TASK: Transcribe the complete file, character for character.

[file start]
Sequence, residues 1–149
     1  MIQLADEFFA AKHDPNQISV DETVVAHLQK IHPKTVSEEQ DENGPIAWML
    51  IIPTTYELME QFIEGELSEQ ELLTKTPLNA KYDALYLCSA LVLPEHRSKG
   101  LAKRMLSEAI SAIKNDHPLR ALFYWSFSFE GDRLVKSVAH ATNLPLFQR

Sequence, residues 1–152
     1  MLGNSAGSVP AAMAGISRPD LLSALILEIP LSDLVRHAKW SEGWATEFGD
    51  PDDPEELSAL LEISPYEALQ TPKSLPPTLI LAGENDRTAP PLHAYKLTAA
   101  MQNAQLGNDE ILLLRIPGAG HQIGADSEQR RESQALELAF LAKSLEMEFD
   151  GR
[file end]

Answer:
Sequence, residues 1–149
     1  MIQLADEFFA AKHDPNQISV DETVVAHLQK IHPKTVSEEQ DENGPIAWML
    51  IIPTTYELME QFIEGELSEQ ELLTKTPLNA KYDALYLCSA LVLPEHRSKG
   101  LAKRMLSEAI SAIKNDHPLR ALFYWSFSFE GDRLVKSVAH ATNLPLFQR

Sequence, residues 1–152
     1  MLGNSAGSVP AAMAGISRPD LLSALILEIP LSDLVRHAKW SEGWATEFGD
    51  PDDPEELSAL LEISPYEALQ TPKSLPPTLI LAGENDRTAP PLHAYKLTAA
   101  MQNAQLGNDE ILLLRIPGAG HQIGADSEQR RESQALELAF LAKSLEMEFD
   151  GR